Book One
Chapter III. The Mates Meet
 

Kirk Winfield was an amiable, if rather weak, young man with whom life, for twenty-five years, had dealt kindly. He had perfect health, an income more than sufficient for his needs, a profession which interested without monopolizing him, a thoroughly contented disposition, and the happy knack of surrounding himself with friends.

That he had to contribute to the support of the majority of these friends might have seemed a drawback to some men. Kirk did not object to it in the least. He had enough money to meet their needs, and, being a sociable person who enjoyed mixing with all sorts and conditions of men, he found the Liberty Hall regime pleasant.

He liked to be a magnet, attracting New York's Bohemian population. If he had his preferences among the impecunious crowd who used the studio as a chapel of ease, strolling in when it pleased them, drinking his whisky, smoking his cigarettes, borrowing his money, and, on occasion, his spare bedrooms and his pyjamas, he never showed it. He was fully as pleasant to Percy Shanklyn, the elegant, perpetually resting English actor, whom he disliked as far as he was capable of disliking any one, as he was to Hank Jardine, the prospector, and Hank's prize-fighter friend, Steve Dingle, both of whom he liked enormously.

It seemed to him sometimes that he had drifted into the absolutely ideal life. He lived entirely in the present. The passage of time left him untouched. Day followed day, week followed week, and nothing seemed to change. He was never unhappy, never ill, never bored.

He would get up in the morning with the comfortable knowledge that the day held no definite duties. George Pennicut would produce one of his excellent breakfasts. The next mile-stone would be the arrival of Steve Dingle. Five brisk rounds with Steve, a cold bath, and a rub-down took him pleasantly on to lunch, after which it amused him to play at painting.

There was always something to do when he wearied of that until, almost before the day had properly begun, up came George with one of his celebrated dinners. And then began the incursion of his friends. One by one they would drop in, making themselves very much at home, to help their host through till bedtime. And another day would slip into the past.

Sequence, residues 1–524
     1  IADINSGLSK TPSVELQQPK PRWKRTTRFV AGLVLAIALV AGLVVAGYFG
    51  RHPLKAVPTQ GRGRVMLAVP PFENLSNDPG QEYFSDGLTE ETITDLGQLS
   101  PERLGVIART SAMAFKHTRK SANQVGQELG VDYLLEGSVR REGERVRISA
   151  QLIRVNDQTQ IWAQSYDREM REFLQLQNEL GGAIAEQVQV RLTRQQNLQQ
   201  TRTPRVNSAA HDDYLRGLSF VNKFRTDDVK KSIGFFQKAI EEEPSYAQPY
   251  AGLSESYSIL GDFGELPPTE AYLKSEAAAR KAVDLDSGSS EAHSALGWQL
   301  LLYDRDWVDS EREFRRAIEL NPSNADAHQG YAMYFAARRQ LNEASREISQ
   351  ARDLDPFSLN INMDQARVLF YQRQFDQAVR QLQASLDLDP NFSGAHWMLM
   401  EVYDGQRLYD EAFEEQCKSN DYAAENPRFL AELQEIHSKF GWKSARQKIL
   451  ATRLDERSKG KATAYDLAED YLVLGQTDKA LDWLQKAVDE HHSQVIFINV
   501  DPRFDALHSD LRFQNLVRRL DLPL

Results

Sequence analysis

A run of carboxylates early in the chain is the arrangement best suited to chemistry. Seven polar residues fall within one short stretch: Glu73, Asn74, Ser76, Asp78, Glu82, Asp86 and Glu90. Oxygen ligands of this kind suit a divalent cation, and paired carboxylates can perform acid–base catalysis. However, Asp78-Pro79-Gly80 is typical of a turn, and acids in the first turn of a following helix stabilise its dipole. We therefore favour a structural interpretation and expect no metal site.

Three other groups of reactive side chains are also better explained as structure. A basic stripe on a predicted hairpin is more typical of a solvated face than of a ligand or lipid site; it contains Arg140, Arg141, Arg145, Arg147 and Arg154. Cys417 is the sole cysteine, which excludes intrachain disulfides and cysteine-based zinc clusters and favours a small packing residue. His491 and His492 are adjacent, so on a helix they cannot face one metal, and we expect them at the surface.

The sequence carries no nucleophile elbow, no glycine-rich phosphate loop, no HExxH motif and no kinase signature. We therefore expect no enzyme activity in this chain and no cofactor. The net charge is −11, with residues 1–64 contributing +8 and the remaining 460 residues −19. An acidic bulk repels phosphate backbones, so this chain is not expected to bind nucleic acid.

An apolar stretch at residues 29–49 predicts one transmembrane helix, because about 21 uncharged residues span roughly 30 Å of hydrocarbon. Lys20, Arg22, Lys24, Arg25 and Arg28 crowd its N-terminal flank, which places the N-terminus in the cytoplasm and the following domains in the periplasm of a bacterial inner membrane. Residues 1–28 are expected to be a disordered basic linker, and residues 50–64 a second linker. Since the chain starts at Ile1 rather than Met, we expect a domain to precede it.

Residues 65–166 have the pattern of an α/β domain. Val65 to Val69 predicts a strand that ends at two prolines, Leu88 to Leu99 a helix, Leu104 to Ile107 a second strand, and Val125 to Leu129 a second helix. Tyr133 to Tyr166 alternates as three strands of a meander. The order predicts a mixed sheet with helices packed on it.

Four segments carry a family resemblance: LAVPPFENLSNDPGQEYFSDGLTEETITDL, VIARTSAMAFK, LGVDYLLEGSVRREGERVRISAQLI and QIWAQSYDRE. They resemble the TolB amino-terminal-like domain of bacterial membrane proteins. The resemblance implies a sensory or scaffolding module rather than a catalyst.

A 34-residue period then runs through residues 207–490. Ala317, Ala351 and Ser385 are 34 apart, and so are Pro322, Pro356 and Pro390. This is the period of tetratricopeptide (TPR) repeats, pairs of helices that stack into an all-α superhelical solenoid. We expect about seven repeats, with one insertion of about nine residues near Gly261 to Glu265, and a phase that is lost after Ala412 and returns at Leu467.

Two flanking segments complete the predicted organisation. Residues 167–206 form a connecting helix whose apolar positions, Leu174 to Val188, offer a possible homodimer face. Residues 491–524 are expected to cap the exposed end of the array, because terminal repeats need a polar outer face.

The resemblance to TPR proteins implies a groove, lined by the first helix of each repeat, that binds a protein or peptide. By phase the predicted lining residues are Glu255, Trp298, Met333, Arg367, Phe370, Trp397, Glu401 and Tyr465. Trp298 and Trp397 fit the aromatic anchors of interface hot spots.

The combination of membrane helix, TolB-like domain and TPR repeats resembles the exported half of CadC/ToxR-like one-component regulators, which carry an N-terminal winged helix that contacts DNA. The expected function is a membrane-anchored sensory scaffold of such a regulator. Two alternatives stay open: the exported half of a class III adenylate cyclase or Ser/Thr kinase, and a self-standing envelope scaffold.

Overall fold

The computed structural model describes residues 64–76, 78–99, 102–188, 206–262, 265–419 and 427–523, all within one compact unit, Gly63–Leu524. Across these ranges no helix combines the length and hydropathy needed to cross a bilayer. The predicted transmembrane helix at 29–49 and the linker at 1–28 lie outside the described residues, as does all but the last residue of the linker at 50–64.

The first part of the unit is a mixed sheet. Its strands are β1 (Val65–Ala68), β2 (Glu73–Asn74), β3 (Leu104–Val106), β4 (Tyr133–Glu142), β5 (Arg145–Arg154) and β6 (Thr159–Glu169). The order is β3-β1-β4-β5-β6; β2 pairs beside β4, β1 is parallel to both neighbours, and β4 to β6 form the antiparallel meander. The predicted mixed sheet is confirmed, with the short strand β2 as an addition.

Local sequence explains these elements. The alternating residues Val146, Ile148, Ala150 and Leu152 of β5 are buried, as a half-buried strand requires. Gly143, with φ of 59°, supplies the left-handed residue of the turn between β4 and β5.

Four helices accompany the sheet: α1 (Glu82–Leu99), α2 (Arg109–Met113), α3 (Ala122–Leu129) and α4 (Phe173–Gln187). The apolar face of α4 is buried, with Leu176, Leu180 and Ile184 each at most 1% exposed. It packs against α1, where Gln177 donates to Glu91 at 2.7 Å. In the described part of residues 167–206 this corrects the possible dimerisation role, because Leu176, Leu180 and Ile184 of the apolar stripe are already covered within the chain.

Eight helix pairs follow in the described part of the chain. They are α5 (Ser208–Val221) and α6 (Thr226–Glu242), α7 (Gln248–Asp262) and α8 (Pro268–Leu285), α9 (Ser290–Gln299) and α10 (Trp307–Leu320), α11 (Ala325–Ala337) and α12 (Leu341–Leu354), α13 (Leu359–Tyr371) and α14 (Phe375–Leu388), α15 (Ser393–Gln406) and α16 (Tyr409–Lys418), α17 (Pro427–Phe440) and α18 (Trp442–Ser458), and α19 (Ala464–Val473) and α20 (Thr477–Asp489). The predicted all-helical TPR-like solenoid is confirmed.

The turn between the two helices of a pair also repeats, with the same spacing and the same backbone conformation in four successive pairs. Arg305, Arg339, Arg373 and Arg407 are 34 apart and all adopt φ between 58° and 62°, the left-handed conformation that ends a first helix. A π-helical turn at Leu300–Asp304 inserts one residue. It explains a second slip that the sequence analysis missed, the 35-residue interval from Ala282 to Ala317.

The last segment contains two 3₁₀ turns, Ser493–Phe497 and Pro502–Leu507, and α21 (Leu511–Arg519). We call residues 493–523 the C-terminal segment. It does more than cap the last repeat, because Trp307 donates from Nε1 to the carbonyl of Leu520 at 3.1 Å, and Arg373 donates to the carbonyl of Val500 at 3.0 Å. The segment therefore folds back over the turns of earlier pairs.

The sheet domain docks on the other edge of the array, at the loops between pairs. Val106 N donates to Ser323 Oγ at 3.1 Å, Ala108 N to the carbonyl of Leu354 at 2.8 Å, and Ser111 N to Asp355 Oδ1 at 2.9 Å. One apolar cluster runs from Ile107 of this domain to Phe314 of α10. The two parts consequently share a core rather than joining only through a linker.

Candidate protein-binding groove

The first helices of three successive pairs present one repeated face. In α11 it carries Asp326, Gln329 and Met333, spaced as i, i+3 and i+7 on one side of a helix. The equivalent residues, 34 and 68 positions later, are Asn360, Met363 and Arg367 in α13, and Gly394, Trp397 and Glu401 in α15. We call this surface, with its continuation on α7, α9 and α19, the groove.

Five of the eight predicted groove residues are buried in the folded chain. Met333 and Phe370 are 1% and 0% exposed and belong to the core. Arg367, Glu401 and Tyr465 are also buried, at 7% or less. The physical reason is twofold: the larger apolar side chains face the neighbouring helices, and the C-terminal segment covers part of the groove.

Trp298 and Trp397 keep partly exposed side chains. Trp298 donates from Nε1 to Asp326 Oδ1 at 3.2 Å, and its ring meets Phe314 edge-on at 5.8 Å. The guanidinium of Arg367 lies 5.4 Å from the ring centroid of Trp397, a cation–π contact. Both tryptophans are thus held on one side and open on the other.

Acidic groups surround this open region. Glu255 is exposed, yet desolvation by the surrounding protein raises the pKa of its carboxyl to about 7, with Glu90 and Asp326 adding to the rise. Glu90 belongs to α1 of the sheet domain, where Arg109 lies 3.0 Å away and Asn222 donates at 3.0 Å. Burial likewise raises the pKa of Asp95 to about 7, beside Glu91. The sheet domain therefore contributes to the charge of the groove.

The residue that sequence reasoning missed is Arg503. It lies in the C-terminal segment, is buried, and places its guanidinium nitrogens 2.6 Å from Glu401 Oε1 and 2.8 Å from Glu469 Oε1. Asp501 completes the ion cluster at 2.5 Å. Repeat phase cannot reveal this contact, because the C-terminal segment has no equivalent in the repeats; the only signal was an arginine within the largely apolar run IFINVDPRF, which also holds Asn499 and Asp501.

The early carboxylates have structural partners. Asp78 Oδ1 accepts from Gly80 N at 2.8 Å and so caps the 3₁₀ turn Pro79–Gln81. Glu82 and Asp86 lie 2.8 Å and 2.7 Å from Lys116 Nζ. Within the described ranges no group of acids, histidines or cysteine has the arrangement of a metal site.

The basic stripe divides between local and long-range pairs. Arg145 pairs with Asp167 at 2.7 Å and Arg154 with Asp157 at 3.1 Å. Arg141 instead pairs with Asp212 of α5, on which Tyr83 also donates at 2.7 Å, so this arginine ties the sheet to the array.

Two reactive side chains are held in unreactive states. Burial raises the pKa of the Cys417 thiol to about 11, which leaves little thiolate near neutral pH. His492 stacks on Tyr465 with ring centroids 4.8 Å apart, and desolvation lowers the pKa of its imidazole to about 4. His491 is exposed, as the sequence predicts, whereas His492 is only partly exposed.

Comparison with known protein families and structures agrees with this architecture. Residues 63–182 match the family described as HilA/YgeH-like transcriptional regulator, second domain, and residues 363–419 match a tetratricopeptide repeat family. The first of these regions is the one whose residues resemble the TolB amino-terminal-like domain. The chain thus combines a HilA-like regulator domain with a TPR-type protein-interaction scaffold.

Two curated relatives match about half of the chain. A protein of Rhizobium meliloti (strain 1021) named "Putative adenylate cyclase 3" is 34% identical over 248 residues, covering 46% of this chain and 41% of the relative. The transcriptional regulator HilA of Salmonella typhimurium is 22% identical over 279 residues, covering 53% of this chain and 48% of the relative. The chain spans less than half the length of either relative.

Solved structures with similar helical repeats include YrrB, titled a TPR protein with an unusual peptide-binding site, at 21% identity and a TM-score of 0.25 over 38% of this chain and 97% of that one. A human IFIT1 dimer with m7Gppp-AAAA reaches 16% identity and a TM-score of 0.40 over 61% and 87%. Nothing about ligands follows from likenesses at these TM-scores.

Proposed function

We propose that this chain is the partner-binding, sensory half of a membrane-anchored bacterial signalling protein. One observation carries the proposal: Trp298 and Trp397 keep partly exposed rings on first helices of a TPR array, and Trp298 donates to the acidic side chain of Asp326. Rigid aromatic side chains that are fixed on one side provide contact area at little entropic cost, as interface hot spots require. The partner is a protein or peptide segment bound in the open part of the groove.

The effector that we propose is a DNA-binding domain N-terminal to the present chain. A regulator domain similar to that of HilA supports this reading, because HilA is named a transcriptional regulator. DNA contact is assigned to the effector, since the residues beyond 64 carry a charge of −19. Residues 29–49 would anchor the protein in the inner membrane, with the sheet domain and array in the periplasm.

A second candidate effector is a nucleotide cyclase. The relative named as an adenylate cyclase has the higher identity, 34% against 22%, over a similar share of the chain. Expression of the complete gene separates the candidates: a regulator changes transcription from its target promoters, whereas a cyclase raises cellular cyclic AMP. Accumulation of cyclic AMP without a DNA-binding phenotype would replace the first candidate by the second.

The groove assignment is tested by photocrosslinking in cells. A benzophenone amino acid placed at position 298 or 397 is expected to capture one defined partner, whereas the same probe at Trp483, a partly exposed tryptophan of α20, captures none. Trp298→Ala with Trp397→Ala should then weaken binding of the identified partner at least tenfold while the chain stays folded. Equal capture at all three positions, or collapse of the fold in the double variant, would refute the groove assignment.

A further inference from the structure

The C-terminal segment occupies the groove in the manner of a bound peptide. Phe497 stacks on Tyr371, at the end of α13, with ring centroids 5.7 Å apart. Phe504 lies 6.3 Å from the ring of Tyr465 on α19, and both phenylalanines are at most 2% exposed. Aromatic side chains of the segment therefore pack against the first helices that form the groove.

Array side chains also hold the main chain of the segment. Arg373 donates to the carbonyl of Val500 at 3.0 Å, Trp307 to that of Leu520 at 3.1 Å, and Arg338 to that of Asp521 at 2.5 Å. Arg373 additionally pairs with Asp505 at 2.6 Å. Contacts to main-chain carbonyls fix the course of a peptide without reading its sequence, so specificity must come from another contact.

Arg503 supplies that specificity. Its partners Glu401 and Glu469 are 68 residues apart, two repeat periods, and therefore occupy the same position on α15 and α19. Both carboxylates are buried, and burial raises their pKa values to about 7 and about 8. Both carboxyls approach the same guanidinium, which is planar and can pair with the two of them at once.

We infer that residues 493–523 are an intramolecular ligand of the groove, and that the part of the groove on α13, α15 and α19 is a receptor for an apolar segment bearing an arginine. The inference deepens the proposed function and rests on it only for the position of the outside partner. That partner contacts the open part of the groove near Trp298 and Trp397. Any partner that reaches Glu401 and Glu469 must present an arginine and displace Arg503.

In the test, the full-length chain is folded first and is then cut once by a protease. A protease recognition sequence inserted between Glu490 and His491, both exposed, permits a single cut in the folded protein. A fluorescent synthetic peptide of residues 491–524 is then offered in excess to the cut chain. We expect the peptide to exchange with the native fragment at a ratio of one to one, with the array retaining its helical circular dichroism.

It never occurred to Kirk that he was wasting his life. He had no ambitions. Ambition is born of woman, and no woman that he had ever met had ever stirred him deeply. He had never been in love, and he had come to imagine that he was incapable of anything except a mild liking for women. He considered himself immune, and was secretly glad of it. He enjoyed his go-as-you-please existence too much to want to have it upset. He belonged, in fact, to the type which, when the moment arrives, falls in love very suddenly, very violently, and for all time.

Nothing could have convinced him of this. He was like a child lighting matches in a powder-magazine. When the idea of marriage crossed his mind he thrust it from him with a kind of shuddering horror. He could not picture to himself a woman who could compensate him for the loss of his freedom and, still less, of his friends.

His friends were men's men; he could not see them fitting into a scheme of life that involved the perpetual presence of a hostess. Hank Jardine, for instance. To Kirk, the great point about Hank was that he had been everywhere, seen everything, and was, when properly stimulated with tobacco and drink, a fountain of reminiscence. But he could not talk unless he had his coat off and his feet up on the back of a chair. No hostess could be expected to relish that.

Hank was a bachelor's friend; he did not belong in a married household. The abstract wife could not be reconciled to him, and Kirk, loving Hank like a brother, firmly dismissed the abstract wife.

He came to look upon himself as a confirmed bachelor. He had thought out the question of marriage in all its aspects, and decided against it. He was the strong man who knew his own mind and could not be shaken.

Yet, on the afternoon of the day following Mrs. Lora Delane Porter's entry into his life, Kirk sat in the studio, feeling, for the first time in recent years, a vague discontent. He was uneasy, almost afraid. The slight dislocation in the smooth-working machinery of his existence, caused by the compulsory retirement of George Pennicut, had made him thoroughly uncomfortable. With discomfort had come introspection, and with introspection this uneasiness that was almost fear.

A man, living alone, without money troubles to worry him, sinks inevitably into a routine. Fatted ease is good for no one. It sucks the soul out of a man. Kirk, as he sat smoking in the cool dusk of the studio, was wondering, almost in a panic, whether all was well with himself.